The biggest threat to the historic moment that the #RhodesMustFall movement presents is not that the leadership of the academic institutions at which it is aimed would attempt to suppress or stop it, but that it would be hijacked, redirected and defanged by political opportunists.
Of course the currents that led to Chumani Maxwele and other students dumping faeces on the statue of Rhodes – a symbolic embodiment of colonial imperialism and dispossession – on an autumn afternoon on 9 March had been brewing for several years. But it was this single, visible, physical act that propelled the debate out of a genteel and contained offices and corridors of academia and into the public realm.
Discussions about the transformation of academic spaces (or lack thereof), particularly with regard to the abysmal numbers of black lecturers and heads of departments, as well as criticism of the entrenched curriculum, are not new. Writing in Business Day this week, Nomalanga Mkhize, a lecturer in history at Rhodes University, recalled the “Mamdani Affair”at UCT in 1996 when scholar Mahmood Mamdani, who held the AC Jordan chair in the Centre for African Studies, had challenged the university to place African scholarship at the centre of the curriculum.
Mamdani, regarded as one of the world’s leading intellectuals, was met with fierce resistance from the entrenched UCT establishment and was suspended from the curriculum planning committee before leaving the UCT for Columbia University in the United States.
Francis Nyamnjoh, Professor of Social Anthropology at UCT, also has written widely on the resilience of colonial education in Africa and its effect on African scholars and students. Towards the end of 2014, a group of black academics at UCT, including Xolela Mangcu, highlighted the lack of transformation.
But it was only when black students themselves entered the arena that it became a national issue with far-reaching implications, beyond the walls of academia, and which could speak to our very sense of self and the country’s future.
Not since the 1970s, with the formation of SASO by Steve Biko and the New Left Student Movement by Rick Turner, have the country’s students so organically organised and rallied around key issues that affect their daily lives and futures.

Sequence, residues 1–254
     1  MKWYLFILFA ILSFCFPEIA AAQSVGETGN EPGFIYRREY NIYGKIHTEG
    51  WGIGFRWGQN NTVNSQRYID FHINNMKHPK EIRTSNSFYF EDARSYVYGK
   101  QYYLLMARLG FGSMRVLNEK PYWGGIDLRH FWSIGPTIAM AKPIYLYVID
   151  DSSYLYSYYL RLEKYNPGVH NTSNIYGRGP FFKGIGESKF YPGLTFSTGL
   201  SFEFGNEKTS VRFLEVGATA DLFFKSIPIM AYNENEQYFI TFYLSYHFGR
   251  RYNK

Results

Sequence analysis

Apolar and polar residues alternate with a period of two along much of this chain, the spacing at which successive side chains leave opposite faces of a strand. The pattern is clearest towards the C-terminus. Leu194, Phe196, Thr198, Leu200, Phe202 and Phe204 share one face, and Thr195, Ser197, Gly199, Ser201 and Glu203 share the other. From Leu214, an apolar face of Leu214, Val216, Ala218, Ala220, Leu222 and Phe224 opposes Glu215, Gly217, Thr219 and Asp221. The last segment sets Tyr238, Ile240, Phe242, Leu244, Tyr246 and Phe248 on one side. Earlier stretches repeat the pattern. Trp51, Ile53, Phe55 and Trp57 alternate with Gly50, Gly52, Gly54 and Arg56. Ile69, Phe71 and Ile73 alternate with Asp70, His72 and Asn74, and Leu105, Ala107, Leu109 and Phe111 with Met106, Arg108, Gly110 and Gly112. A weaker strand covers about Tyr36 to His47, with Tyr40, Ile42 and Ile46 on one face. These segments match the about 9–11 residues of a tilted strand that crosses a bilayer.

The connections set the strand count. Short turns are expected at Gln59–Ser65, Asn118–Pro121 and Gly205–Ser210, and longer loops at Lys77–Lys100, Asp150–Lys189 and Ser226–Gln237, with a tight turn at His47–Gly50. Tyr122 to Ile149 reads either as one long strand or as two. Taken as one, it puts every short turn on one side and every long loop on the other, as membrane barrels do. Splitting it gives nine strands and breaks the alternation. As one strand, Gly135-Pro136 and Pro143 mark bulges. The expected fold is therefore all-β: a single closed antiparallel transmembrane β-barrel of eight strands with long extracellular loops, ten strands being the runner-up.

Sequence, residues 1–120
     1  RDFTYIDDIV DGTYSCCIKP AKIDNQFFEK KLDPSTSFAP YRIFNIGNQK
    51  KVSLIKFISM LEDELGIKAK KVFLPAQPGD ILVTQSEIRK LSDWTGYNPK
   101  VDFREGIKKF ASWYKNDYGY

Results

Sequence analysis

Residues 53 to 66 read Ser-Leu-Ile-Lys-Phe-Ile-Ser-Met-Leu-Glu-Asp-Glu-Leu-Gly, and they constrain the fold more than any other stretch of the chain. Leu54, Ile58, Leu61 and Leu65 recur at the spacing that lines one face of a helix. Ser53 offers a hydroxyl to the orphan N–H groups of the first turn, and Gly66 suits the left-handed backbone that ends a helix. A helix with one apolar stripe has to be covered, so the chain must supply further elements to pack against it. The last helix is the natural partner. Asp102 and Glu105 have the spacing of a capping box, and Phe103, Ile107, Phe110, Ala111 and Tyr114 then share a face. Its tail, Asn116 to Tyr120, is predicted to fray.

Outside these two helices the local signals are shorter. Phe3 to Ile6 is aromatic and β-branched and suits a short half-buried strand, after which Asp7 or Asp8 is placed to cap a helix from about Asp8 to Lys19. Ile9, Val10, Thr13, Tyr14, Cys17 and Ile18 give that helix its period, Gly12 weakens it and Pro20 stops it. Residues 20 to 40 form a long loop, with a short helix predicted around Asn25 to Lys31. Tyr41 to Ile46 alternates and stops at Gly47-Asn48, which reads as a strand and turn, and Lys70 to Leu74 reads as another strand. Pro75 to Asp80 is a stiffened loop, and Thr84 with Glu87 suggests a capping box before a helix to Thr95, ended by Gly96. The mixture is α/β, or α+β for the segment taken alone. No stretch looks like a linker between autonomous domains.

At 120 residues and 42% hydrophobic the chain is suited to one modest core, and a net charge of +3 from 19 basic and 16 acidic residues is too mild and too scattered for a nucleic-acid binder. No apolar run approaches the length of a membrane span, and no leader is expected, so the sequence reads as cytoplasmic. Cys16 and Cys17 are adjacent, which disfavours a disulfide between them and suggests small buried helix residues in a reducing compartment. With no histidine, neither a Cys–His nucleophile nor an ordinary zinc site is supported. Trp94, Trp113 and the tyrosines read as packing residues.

The students who protested at the country’s universities during the 1980s had a clear and obvious enemy – the Apartheid state but this contemporary student movement – with its roots in Biko’s black consciousness – promises real engagement 21 years into our democracy. White students too (well, at UCT, at least) have launched The White Privilege Project in an attempt to determine the role of white students in the #RhodesMustFall movement. And for the first time in three decades, Rick Turner’s thoughts and ideas are being articulated and explored by a younger generation of white South Africans.
That the country’s young thinkers and intellectuals have taken up the challenge, rather than its politicians, is what is exciting and significant. Beholden to no one but themselves and their future, these young South Africans have announced that they have a vision and a goal and that they are determined to see it reach fruition.
That Maxwele happens to be the student arrested for allegedly flipping the bird at President Jacob Zuma’s speeding blue light brigade in 2010 adds a certain amount of accidental cachet.
Many voices have contributed to the ongoing debate since the 9 March poo protest and the good news, at least according to a Media Tenor survey, is that the debate is being driven by journalists and the students themselves.
Jordan Griffiths, a researcher with Media Tenor, said that a sample of 50 articles across print and online media in the first few weeks showed that it was journalists and the students themselves who were shaping the national debate.
In terms of its “framing”, the study found that the two dominant terms that appeared most frequently were “transformation” and “redress”.
“A significant amount of negativity has been directed to the institution for both issues. The Rhodes statue has thus become a major symbol through which debates on the creation of an inclusive student environment are being directed. The most dominant narrative being that the removal of the statue is just one small step towards facilitating transformation at the university,” said Jordan.
While the #RhodesMustFall debate had drawn in commentary from across South Africa with a number of different groups and individuals contributing articles or being quoted in the media, as a group, said Jordan, students at UCT had generated high volumes of coverage.
“This makes sense as it has been a student-led movement. Max Price as Vice-Chancellor has also had strong volumes of coverage and interestingly, we have also seen Xolela Mangcu, an associate professor of sociology at UCT, generate coverage through articles.”
It is unsurprising, in the light of EFF attempts to dismantle and deface other statues across the country, that the most prominent politician to have hopped on the bandwagon is EFF CIC, Julius Malema.
“However, the DA’s Wilmot James also featured,” said Jordan.
The Media Tenor conclusion is that the South African media has been a “major player” in setting the agenda for the #RhodesMustFall movement.
“What initially started as a Twitter trend quickly moved over into mainstream media and has seen a variety of different commentators weighing in. Our monitoring shows that hundreds of pieces have been produced by local media and across blogging platforms as well,” added Jordan.
The overwhelming media sentiment, the survey found, was directed towards the removal, an issue that UCT’s council will decide on Wednesday. DM
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